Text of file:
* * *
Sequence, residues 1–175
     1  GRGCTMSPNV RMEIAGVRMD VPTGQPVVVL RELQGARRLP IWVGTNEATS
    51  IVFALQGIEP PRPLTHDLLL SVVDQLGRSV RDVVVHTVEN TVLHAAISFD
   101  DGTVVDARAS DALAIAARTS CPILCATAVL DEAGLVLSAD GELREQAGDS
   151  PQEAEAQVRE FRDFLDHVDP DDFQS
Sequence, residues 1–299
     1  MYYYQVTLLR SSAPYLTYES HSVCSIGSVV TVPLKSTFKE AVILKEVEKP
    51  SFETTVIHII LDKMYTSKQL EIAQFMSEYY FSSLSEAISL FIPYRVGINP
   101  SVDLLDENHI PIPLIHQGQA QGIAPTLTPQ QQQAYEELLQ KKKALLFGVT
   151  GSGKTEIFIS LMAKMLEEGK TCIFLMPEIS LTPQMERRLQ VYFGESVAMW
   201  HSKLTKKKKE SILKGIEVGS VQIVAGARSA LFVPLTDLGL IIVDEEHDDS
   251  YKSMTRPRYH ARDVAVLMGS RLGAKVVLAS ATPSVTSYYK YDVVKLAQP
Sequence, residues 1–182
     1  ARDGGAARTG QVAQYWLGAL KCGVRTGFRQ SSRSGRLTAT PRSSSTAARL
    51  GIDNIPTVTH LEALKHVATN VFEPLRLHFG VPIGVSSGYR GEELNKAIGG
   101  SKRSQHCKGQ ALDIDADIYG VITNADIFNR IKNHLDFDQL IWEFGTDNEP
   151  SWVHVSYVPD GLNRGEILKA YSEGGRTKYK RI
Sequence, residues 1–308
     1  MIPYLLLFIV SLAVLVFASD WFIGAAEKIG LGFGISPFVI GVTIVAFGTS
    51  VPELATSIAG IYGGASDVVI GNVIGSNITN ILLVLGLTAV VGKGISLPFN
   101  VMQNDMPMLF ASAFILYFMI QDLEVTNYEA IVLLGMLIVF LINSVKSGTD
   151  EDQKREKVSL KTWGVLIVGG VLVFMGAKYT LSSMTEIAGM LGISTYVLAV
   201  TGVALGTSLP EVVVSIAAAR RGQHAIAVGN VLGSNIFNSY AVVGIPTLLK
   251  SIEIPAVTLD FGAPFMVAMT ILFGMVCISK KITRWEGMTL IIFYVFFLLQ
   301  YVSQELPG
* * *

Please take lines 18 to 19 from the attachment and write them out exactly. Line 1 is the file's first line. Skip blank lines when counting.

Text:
Sequence, residues 1–308
     1  MIPYLLLFIV SLAVLVFASD WFIGAAEKIG LGFGISPFVI GVTIVAFGTS